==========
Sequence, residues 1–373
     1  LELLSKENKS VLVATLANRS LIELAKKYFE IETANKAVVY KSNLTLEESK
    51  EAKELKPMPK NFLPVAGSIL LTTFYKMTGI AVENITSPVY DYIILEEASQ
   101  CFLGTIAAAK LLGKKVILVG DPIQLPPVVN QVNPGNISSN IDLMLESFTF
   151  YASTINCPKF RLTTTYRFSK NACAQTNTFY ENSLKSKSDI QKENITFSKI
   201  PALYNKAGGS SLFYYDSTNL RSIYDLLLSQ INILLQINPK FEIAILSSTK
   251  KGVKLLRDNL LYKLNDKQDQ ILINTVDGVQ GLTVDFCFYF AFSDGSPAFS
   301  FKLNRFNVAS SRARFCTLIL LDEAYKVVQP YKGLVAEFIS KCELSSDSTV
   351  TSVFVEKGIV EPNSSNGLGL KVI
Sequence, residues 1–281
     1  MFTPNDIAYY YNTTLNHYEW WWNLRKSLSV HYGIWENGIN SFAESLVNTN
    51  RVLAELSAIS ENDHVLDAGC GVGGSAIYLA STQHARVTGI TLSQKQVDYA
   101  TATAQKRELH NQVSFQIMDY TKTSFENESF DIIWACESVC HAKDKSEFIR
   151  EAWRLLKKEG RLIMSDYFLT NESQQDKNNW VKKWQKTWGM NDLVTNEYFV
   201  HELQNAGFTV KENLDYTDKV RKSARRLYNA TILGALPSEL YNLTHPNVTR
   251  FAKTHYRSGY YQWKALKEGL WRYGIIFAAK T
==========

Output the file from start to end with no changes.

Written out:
Sequence, residues 1–373
     1  LELLSKENKS VLVATLANRS LIELAKKYFE IETANKAVVY KSNLTLEESK
    51  EAKELKPMPK NFLPVAGSIL LTTFYKMTGI AVENITSPVY DYIILEEASQ
   101  CFLGTIAAAK LLGKKVILVG DPIQLPPVVN QVNPGNISSN IDLMLESFTF
   151  YASTINCPKF RLTTTYRFSK NACAQTNTFY ENSLKSKSDI QKENITFSKI
   201  PALYNKAGGS SLFYYDSTNL RSIYDLLLSQ INILLQINPK FEIAILSSTK
   251  KGVKLLRDNL LYKLNDKQDQ ILINTVDGVQ GLTVDFCFYF AFSDGSPAFS
   301  FKLNRFNVAS SRARFCTLIL LDEAYKVVQP YKGLVAEFIS KCELSSDSTV
   351  TSVFVEKGIV EPNSSNGLGL KVI
Sequence, residues 1–281
     1  MFTPNDIAYY YNTTLNHYEW WWNLRKSLSV HYGIWENGIN SFAESLVNTN
    51  RVLAELSAIS ENDHVLDAGC GVGGSAIYLA STQHARVTGI TLSQKQVDYA
   101  TATAQKRELH NQVSFQIMDY TKTSFENESF DIIWACESVC HAKDKSEFIR
   151  EAWRLLKKEG RLIMSDYFLT NESQQDKNNW VKKWQKTWGM NDLVTNEYFV
   201  HELQNAGFTV KENLDYTDKV RKSARRLYNA TILGALPSEL YNLTHPNVTR
   251  FAKTHYRSGY YQWKALKEGL WRYGIIFAAK T